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Dublin City Council wants hubs of EV chargers

Council plans to encourage hubs of chargers rather than on-street posts but won’t invest cash.

Dublin City Council says that it wants to encourage the building of hubs of electric vehicle chargers rather than installing lots of kerb-side chargers for those who don't have access to off-street parking.

140,000 EVs on Dublin roads by 2030

A report on the Dublin Inquirer website notes that at a recent meeting of the Council, Liam Bergin, a council executive manager, said that installing lots of kerbside chargers to cope with the expected 140,000 EVs on Dublin roads by 2030 would run against the council's previously stated aim to reduce roadside clutter and make life easier for pedestrians.

Instead, the Council says it wants to see hubs and clusters of charging points and has pointed to the possibility of repurposing petrol stations as one possible location type. The Council has launched a public consultation period to identify other charging hub locations. Schools, sports clubs, car parks, multi-storey car parks, surface car parks, and churches have all been suggested as potential locations.

Last year, Dublin City Council said that it would not invest in its own network of chargers but would put such installations out to tender by private parties in cooperation with the other Dublin-area councils. It's also open to the possibility of communities raising the funding for their own charging hubs but hasn't specified where funding for such enterprises might come from. The Council has also said that it will not get involved in the maintenance and upkeep of the hubs, citing very high service and maintenance costs.

As many as 2,430 charging points needed

The expectation is that somewhere between 500 and 2,430 public charging points will be needed in the Dublin area by 2030, with the big gap between those figures explained by the difference between slow and fast charging - faster chargers mean lower waiting times, which means a faster turnover of chargers.

Homeowners looking to go electric but who don't have off-street parking will not be allowed to run charging cables across pavements, says the Council, because of public liability concerns. The Council's thinking is also that installing lots of on-street chargers would: "instil car dominance over pedestrians and completely ignores the overall strategy of promoting active travel and public transport over private car convenience."

The Council has admitted that high-income earners will be at a distinct advantage, as they are more likely to have access to off-street parking and therefore can charge up at home, overnight, on cheaper domestic electricity rates. Those without off-street parking will be more reliant on the public charging hubs, which will almost certainly come with a higher cost-to-charge, although the Council did point out that even at those higher rates, running an electric car will still be significantly cheaper than running a petrol or diesel car.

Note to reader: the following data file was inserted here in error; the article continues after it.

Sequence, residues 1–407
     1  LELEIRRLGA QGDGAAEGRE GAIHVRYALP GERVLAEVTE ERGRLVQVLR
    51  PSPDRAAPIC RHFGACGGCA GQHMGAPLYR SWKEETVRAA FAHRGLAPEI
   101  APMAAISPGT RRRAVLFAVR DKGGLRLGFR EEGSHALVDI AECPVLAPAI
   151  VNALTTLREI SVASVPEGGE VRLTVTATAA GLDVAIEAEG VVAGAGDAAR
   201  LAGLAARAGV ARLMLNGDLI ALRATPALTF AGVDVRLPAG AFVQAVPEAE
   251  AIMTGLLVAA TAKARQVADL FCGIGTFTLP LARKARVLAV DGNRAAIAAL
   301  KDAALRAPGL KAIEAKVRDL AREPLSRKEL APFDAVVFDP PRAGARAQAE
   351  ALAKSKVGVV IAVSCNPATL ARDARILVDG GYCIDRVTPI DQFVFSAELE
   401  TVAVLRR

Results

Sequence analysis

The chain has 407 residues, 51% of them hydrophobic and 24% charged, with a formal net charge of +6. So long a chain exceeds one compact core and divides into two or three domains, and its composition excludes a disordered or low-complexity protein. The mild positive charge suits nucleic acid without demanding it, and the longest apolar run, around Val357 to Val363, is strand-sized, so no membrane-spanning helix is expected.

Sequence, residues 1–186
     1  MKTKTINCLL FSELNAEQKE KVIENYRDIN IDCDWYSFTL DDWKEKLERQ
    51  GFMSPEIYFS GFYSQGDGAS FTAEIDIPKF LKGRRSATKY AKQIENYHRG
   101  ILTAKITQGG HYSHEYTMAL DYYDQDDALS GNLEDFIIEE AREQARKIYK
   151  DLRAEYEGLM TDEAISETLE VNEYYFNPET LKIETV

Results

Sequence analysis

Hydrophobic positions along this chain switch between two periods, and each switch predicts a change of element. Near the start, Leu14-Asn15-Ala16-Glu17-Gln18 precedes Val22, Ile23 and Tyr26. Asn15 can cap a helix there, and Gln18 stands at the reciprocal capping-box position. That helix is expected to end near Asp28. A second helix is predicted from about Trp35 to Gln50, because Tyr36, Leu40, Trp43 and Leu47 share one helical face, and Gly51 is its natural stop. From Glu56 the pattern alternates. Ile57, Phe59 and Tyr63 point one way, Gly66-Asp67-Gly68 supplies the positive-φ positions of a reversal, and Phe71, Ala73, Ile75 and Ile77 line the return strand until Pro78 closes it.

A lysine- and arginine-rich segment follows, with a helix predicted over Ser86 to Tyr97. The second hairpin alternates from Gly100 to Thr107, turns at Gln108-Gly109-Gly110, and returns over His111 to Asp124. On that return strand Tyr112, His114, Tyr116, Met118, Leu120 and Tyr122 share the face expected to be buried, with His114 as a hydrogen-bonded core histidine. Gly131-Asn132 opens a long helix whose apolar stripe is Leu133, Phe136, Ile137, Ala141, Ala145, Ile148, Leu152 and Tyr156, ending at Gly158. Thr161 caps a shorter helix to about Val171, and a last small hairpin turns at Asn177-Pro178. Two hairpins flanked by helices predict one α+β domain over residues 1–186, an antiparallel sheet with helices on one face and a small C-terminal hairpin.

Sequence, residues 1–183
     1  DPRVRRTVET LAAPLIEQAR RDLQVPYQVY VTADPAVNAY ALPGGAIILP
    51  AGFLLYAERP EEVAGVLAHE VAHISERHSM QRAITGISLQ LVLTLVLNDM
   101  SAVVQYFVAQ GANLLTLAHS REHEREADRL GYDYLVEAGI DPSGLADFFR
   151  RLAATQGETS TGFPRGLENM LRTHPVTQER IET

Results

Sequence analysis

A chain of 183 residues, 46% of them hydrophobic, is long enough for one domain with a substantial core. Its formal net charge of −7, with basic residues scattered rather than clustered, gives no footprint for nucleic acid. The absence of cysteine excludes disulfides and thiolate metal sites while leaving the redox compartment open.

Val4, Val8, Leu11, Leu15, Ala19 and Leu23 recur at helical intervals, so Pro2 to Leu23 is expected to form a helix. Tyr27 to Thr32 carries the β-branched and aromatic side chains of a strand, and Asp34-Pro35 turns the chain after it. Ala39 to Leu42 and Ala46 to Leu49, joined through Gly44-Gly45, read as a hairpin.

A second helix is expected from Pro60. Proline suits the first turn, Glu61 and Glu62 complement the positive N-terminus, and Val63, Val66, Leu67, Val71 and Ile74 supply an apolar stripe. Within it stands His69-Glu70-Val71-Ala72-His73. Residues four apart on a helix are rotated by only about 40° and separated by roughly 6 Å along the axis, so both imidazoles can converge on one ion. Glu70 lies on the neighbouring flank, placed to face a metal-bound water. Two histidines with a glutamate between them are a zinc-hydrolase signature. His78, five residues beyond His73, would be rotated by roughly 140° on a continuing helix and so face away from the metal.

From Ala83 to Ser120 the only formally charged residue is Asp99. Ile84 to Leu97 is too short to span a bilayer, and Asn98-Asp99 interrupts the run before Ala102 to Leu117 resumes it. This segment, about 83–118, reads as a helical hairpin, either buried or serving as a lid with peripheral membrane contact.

Few suitable locations

Worryingly, there are already concerns that there are few locations suitable for such charging hubs close to the city centre. Janet Horner, a Green Party councillor, said at the meeting: "There's very little land available that I can particularly think of in the inner-city area that would be appropriate for installing this kind of infrastructure. People won't invest in an electric vehicle if they don't have a clear idea of how they will charge it."

Michael Pidgeon, also a Green Party councillor, pointed out that the focus ought to be on public transport and cycling rather than encouraging EVs: "If you can't play on your roads, if you're hit by a car, it's still going to hurt, regardless of the fuel source. But that said, there's obviously huge benefits to EVs in terms of air quality, to the problem with, in terms of carbon emissions."

Mr Bergin also said that the Council is going to "take its time" on the charging question, partly because they don't want to encourage people who currently have no car to get one, even if it is electric, while also noting that 60 per cent of Ireland's electricity supply is still dependent on fossil fuels. "We have to proceed at a prudent pace," he said. "There is a kind of a dignified pace at which we need to proceed in order to not to distort the market and create negatives unintentionally."

Published on August 3, 2022
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